Efficacy and toxicity of Decitabine in patients with acute myeloid leukemia (AML): A multicenter real-world experience

Carla Filì, Anna Candoni, Maria Elena Zannier, Jacopo Olivieri, Silvia Imbergamo, Manuela Caizzi, Gianpaolo Nadali, Eros Di Bona, Anna Ermacora, Michele Gottardi, Davide Facchinelli, Rosanna Ciancia, Davide Lazzarotto, Maria Vittoria Dubbini, Gianluca Festini, Filippo Gherlinzoni, Maria Grazia Michieli, Gianpietro Semenzato, Renato Fanin

Research output: Contribution to journalArticlepeer-review


Background: The hypomethylating agent Decitabine (DAC) is a valuable treatment option in acute myeloid leukemia (AML), particularly in elderly patients (pts) not suitable for intensive chemotherapy (CHT). However, limited data are available about efficacy and safety of DAC in clinical practice. Patients and methods: We retrospectively reviewed data of 104 AML pts treated with DAC in eight Italian Hematological Centers from 2015 to 2017. The objective of this study was to evaluate the efficacy and safety of DAC in older AML pts outside of clinical trial. Seventy-five (75%) pts received DAC as first line treatment (Cohort 1) and 29 pts as salvage therapy (Cohort 2). All pts received a DAC schedule of 20 mg/sqm IV for 5-days, every 28 days. The median age was 72.5 years (74 in cohort 1 and 66 in cohort 2) and 16% of pts had an ECOG performance status >2 at the start of DAC treatment (with non-significant difference in the two cohorts). The cumulative illness rating scale (CIRS) was > 6 in 27% of pts. Forty-five pts (43%) had secondary AML. Bone marrow blast count was > 30% in 64% of patients (67/104). In the relapsed cohort 17/29 (59%) patients were treated with DAC after conventional CHT, 5/29 (17%) after allo-SCT and 7/29 (24%) after azacitidine therapy. Results: A total of 469 DAC cycles were given to the 104 pts with a median of 3 cycles (range 1–21) and 45/104 (43%) pts received > 4 cycles. The Overall Response Rate (ORR = Complete Remission-CR plus Partial Remission-PR) was 33%, significantly higher in Cohort 1 (42%) compared to Cohort 2 (14%) (p = 0.009). The median duration of response was 6 months (range 1–20). In Cohort 1 the best response (CR or PR) was obtained between 3th and 6th cycle. In multivariate Cox regression analysis, achievement of CR or PR (HR = 0.78; p = 0.0004), CIRS < 6 (HR = 0.9; p = 0.04) and complex karyotype (HR = 0.8; p = 0.03) were significant predictors of better overall survival (OS). Median OS from the start of DAC therapy was 11 months for the whole population with a significant OS advantage in Cohort 1 (median OS 12.7 mths vs 6.3 mths; p = 0.003); median OS was significantly longer in responders compared to non-responders (22.6 mths vs 5.7 mths; p < 0.0001). At the last follow-up, 56 patients (54%) are still alive and 48 (46%) are dead (71% due to disease progression). The most common toxicities were myelosuppression and documented infectious complications that occurred mainly during the first 4 cycles. Conclusion: These data confirm the efficacy (ORR 33%) and the acceptable safety profile of DAC in the real life management of AML in elderly pts unsuitable for intensive CHT, with a significant better performance in first line therapy (ORR 42%, median OS 12.7 mths). The efficacy of DAC, both in first line and as salvage therapy, may probably be improved with combined treatment strategies and/or with different DAC schedules that could increase its anti-leukemic effect.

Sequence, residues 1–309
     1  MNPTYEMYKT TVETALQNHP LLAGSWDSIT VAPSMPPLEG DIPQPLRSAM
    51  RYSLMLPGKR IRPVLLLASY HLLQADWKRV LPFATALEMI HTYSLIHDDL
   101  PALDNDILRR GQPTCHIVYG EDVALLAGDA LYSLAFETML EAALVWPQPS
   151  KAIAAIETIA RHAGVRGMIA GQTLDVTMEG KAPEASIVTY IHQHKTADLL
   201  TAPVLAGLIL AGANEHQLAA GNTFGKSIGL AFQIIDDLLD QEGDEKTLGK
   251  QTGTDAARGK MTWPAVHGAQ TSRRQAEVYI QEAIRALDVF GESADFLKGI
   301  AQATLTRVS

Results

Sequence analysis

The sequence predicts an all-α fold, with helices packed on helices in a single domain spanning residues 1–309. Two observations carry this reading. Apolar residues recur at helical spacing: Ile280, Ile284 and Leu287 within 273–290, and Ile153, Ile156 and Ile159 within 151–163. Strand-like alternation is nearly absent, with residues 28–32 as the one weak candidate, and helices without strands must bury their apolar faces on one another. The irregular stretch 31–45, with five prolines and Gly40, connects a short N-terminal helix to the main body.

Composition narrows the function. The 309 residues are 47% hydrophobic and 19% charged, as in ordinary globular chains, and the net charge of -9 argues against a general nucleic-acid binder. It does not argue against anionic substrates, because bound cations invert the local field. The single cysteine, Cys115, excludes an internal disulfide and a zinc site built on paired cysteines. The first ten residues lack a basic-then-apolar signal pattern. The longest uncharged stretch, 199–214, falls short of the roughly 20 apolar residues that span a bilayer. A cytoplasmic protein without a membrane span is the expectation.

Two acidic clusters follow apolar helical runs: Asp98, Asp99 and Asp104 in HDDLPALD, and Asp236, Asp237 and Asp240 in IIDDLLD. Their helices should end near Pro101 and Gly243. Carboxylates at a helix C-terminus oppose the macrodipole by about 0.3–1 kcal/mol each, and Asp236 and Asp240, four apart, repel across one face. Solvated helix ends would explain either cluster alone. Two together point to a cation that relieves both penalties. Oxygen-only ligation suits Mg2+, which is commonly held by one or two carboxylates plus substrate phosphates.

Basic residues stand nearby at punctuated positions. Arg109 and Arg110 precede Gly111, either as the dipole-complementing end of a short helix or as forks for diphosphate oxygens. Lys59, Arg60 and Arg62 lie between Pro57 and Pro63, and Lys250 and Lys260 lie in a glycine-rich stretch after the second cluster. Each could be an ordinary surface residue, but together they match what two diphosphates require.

Original languageEnglish
Pages (from-to)33-38
Number of pages6
JournalLeukemia Research
Publication statusPublished - Jan 1 2019


  • Acute myeloid leukemia
  • Decitabine
  • Elderly patients

ASJC Scopus subject areas

  • Hematology
  • Oncology
  • Cancer Research


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